This is not to say that national security is unimportant. There is a need, however, for conscientious national debate on our military as well as economic priorities—not just of a Strategic Defense Initiative, but also an equivalent Strategic Competitive Initiative. World stability may be more affected by increasing confrontational relations among trading partners than by the threat of nuclear weapons.
I believe that a strong U.S. military deterrent force is vital to the free world. I also believe that our Trident fleet represents a more than adequate deterrent. Hence, even if SDI were to be shown technically and strategically sound (and I have great reservations that it is), I would not have given it the priority it has been assigned.
The issue is once again priorities. The SDI debate is now taking place at much too late a stage in the policy-making process. The evolution of SDI reflects the way science- and technology-related policy develops in the United States today; i.e., with little deliberation that includes members of the science and technology communities.
The Materials Processing Center at MIT, which I direct, is associated with the SDI research consortium on composites. DOD-sponsored research constitutes about one-third of our annual $7.5 million operating budget and SDI represents about one-third of the DOD total. Nearly half of our work is industrially supported and involves a wide range of research on advanced materials and processes. One objective is the transfer of technology to the marketplace.
I am not opposed in general to the acceptance of DOD research funds by this nation's universities. Historically, DOD sources have played a crucial role in academic research which has had, in many cases, commercial implications. Although SDI is mission-oriented, there are elements of SDI research that have commercial potential: composite materials, for example.
Some composites are lightweight materials of high dimensional stability that may be processed in space, thus reducing expensive payload and launch weight and volume, for a variety of space applications which are not exclusively military. Commercial development of space is important. In addition, the characteristics that make composites attractive candidates in space make them attractive as well for earthbound applications in automobiles and aircraft, for example.
In 1984 the Pentagon specified five areas of materials technology that it wished to access in Japan: gallium arsenide for advanced electronics, opto-electronics, carbon fibers for composites, high performance ceramics, and heat resistant materials. In 1981, Japan's Ministry of International Trade and Industry (MIT!) began a 10-year national program of Basic Technologies for Future Industries in which advanced materials represented six of 12 research themes. Moreover, shortly after the United States began enlisting European organizations in SDI research, France created an all-European, 19-nation high tech R&D program called Eureka. Eureka has targeted many of the same technologies as SDI, although with a commercial rather than a military orientation.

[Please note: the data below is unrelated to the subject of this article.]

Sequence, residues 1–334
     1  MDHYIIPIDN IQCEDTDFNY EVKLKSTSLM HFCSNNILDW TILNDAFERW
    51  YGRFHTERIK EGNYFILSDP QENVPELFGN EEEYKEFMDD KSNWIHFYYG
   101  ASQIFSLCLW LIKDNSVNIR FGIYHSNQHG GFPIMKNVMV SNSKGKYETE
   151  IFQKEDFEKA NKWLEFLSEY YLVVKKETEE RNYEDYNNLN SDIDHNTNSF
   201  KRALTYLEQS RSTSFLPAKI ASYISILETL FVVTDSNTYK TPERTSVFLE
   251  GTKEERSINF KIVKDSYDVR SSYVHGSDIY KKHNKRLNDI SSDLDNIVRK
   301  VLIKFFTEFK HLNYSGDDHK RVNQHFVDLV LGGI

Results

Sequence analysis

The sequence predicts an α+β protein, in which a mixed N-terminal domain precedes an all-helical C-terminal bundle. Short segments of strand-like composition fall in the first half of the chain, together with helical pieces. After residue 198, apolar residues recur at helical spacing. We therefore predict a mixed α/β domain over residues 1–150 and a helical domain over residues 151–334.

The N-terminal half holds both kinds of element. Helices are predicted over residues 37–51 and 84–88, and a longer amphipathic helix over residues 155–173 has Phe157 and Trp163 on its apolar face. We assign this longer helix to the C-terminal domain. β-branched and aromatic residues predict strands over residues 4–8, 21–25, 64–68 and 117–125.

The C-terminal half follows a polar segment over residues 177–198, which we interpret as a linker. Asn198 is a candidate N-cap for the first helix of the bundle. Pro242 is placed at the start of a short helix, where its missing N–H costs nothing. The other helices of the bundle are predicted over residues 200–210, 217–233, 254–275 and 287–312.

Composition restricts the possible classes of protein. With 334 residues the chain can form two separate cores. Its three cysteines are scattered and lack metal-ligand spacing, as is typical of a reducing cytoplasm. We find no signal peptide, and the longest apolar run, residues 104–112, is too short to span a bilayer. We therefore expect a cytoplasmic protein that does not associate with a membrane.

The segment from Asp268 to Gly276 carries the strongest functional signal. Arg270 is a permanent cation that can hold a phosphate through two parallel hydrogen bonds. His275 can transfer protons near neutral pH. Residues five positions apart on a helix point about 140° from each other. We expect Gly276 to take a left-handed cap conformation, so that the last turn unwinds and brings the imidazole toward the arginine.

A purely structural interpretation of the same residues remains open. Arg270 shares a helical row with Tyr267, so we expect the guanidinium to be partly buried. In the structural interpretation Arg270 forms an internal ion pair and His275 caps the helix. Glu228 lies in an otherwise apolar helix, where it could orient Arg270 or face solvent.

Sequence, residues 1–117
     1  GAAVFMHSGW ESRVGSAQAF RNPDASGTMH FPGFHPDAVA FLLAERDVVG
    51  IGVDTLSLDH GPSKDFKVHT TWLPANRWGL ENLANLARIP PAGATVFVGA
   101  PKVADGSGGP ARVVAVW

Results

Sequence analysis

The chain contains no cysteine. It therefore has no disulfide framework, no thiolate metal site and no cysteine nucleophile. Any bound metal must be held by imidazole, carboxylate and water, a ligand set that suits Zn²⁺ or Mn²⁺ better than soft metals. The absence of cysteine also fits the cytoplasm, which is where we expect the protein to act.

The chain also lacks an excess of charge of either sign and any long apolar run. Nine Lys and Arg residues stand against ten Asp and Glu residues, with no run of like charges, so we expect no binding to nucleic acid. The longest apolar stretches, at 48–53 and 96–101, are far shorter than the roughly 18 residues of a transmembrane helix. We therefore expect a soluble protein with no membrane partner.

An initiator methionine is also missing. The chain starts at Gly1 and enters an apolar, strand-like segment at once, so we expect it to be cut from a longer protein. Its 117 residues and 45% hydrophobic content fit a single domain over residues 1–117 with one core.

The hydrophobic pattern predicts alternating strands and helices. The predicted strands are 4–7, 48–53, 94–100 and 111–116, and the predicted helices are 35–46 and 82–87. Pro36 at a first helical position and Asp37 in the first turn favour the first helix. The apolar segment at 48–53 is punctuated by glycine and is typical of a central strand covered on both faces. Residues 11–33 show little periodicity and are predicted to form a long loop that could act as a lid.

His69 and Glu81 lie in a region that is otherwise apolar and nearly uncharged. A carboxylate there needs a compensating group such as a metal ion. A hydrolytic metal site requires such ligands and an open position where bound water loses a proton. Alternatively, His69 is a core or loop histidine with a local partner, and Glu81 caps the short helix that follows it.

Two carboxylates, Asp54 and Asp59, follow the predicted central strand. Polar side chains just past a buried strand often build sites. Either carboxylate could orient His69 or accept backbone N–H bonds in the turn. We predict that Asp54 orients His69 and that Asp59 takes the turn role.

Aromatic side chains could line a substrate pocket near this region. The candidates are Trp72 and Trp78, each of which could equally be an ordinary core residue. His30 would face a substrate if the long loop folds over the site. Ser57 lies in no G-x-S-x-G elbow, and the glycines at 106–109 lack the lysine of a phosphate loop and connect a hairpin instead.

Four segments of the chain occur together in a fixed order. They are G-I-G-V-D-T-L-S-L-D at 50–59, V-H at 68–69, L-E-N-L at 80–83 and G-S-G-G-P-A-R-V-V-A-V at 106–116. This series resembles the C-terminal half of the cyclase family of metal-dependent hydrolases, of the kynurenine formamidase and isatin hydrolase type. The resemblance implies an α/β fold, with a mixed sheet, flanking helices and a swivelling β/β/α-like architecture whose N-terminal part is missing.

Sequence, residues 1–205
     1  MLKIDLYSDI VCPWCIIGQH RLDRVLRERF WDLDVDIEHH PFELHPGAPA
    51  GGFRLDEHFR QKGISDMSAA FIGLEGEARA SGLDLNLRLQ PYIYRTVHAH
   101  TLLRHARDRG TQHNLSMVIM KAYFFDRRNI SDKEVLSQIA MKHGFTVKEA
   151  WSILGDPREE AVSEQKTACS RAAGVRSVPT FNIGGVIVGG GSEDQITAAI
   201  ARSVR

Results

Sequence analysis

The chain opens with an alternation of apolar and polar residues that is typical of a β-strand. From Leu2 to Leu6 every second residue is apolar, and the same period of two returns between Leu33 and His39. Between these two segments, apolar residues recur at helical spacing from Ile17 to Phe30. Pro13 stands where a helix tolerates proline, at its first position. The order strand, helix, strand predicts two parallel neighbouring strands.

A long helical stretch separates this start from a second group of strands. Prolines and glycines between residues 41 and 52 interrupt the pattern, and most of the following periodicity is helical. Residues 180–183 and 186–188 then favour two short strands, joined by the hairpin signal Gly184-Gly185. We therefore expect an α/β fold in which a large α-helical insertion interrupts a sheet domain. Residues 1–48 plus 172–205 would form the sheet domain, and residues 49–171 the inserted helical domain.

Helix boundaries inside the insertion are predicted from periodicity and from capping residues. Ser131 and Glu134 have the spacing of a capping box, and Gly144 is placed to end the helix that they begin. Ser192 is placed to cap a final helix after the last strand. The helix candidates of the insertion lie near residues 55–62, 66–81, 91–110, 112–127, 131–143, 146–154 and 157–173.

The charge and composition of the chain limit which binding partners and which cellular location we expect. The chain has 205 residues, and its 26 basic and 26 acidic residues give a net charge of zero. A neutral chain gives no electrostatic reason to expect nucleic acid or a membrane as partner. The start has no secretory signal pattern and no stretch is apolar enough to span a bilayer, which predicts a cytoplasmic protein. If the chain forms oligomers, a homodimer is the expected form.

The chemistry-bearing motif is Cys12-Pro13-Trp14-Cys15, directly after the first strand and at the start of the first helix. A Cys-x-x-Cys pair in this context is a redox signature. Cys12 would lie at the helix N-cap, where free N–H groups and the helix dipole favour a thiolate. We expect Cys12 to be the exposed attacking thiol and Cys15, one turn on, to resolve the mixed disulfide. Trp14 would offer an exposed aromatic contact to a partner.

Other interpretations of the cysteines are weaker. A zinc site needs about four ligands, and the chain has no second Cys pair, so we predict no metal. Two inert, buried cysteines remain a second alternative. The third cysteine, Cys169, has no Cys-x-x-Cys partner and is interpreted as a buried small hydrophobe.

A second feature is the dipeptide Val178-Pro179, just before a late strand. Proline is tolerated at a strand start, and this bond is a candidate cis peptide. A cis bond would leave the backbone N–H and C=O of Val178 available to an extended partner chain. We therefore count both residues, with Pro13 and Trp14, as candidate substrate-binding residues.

Our trading partners have developed large national or international programs aimed at the marketplace of the next decade and beyond. Without a comparable national focus in the United States, we may well find ourselves importing high-tech materials for both military and civilian systems from our trading partners, at the expense of our own industrial base and American jobs.
I do not consider that our involvement in SDI research represents an institutional endorsement of SDI. Nor had I considered that our work in energy-related research in the 1970s constituted an endorsement of a particular energy system. Research at intellectually free universities is a matter of personal choice. Each faculty member has the right to choose to accept or not accept funds from any source, civilian or military. As MIT's President, Paul Gray, has said, there should be no political test for research.
Of course, research projects, military or civilian, are not compatible with the university environment if they are classified or involve publication restrictions. Our SDI work on composites involves no such provisions.
Much R&D remains before large-scale commercialization of composites occurs. The SDI consortium—which includes eight universities, two national laboratories and six industrial research organizations—provides a national focus on the development of composite materials, providing a substantial response to the programs of some of our trading partners and, I hope, minimizing future dependence on foreign sources for what are likely to become strategically as well as commercially important engineering materials.
We are engaged in a global competition to develop advanced materials that will find their way into a variety of military and civilian engineering systems. There are many reasons, including the viability of the domestic industrial base, to try .to win a large share of this future market. Although DOD should not be looked upon as the U.S. equivalent of Japan's MITI, I cannot think of a good reason why we should not pursue DOD research with the objective of meeting both performance standards and production efficiency.